The hornet was detected near the location of a suspected Asian giant hornet bee kill in 2019. WSDA had already planned trapping in the area and will maintain that plan to try to find any colony that may be there.

Hornet Facts

Experts say Asian Giant Hornet aren’t aggressive, but the hornets are aggressive when people inadvertently or intentionally are positioned within 15-20 feet of a nest. The humming noise of the hornet is ominous, and one research study published in Toxicon stated that when researchers disturbed a nest, attacking worker hornets flew toward the researchers while making loud clicking sounds with their mandibles.

Stings from Asian Giant Hornet can inject a high volume of venom and are very painful stings, averaging 4.7 µL per hornet with a maximum of 12.5 µl per hornet. The venom also contains a cell membrane-disrupting toxin (VESCP-M2) that underlies a molecular mechanism of human tissue damage, which includes dermal necrosis and edema. Cardioactive effects of rapid heart rate and atrioventricular block from Vespa mandarinia venom injected in rats has also been detected.

Most Asian Giant Hornet nests are located in the ground, but have been known to be located in trees or other higher locations.

In flight, the Asian Giant Hornet almost appears to be a bird. In Japan, where the hornet has also been named a subspecies Vespa mandarinia japonica, the hornet is also known as the Giant Sparrow Bee.

A European Hornet (Vespa crabo) is often mistaken for Asian Giant Hornet (Vespa mandarinia) because of their similar large size. Asian Giant Hornet has solid striping on the abdomen, while European Hornet has a perpendicular teardrop marking. Asian Giant Hornet also has a bright orange, plastic-looking head, usually brighter than the European Hornet head.

European Hornet is common in New York, Pennsylvania, West Virginia and other states east of the Mississippi River, and less common in Illinois and Indiana.

Asian Giant Hornet has only been officially sighted in the State of Washington (December 2019), but that doesn’t mean with 100 percent certainty that Asian Giant Hornet is not located in other states.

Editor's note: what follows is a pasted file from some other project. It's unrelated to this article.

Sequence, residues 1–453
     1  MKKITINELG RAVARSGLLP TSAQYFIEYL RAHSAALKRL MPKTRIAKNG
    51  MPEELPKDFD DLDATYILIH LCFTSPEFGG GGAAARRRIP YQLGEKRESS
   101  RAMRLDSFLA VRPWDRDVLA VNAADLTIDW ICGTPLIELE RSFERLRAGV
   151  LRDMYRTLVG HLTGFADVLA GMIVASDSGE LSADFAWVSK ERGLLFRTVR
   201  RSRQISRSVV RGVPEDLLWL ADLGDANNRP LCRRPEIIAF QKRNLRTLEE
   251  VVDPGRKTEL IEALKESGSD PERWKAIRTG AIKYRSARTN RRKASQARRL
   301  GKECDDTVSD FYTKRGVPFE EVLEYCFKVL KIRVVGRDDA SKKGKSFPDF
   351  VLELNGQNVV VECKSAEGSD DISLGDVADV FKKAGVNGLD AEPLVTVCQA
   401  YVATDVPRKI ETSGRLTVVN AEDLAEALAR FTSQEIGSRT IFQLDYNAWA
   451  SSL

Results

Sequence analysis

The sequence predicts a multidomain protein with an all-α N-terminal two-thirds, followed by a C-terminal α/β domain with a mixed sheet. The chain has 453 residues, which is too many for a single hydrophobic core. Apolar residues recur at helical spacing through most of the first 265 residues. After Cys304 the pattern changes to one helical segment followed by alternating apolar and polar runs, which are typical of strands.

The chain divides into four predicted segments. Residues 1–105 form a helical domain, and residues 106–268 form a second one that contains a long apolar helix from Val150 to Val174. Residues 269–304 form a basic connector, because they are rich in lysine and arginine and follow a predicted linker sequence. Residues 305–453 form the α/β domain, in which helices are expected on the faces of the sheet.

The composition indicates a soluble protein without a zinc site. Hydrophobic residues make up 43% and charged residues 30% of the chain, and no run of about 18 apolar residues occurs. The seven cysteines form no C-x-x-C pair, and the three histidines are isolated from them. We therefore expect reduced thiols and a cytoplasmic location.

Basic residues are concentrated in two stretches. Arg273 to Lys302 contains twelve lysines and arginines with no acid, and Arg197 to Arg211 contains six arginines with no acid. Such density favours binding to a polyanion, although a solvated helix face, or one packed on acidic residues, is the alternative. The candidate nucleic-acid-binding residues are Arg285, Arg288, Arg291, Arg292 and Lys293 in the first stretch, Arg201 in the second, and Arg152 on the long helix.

Asian Hornet or yellow-legged hornet (Vespa velutina), NOT Asian Giant Hornet (Vespa mandarainia), is a major problem in Europe, following its introduction into Europe several years ago and subsequent establishment in the continent, especially in France.

Queens, workers and nests of Asian Giant Hornet have been officially discovered in North America since 2019.

There are at least 23 species of Vespa recognized worldwide.

The bald-faced hornet (Dolichovespula maculata) established in Illinois is not a true hornet, but behaves like a hornet with colony attacks when humans approach nests. Bald-faced hornet workers aggressively defend their nest by repeatedly stinging victims.

The major concern of entomologists is eradication of Asian Giant Hornet to prevent the destruction of managed honeybee hives. Twenty or more Asian Giant Hornet workers can destroy a bee hive in hours with no losses to the worker hornets.

Entomologist oppose the use of term “murder hornet” as misleading.

“The U.S. Department of Agriculture’s Animal and Plant Health Inspection Service (APHIS) has developed response guidelines that include several options for eradicating the Asian giant hornet should additional hornets be detected in Washington State. At this time, there is no evidence that Asian giant hornets are established in Washington State or anywhere else in the United States,” according to Osama El-Lissy, Deputy Administrator, for USDA/APHIS’ Plant Protection and Quarantine program.

The first find of the year 2020 in the United States comes just days after the British Columbian government confirmed their first detection of the year in Canada near Langley, B.C. That specimen was initially reported to authorities on May 15, 2020.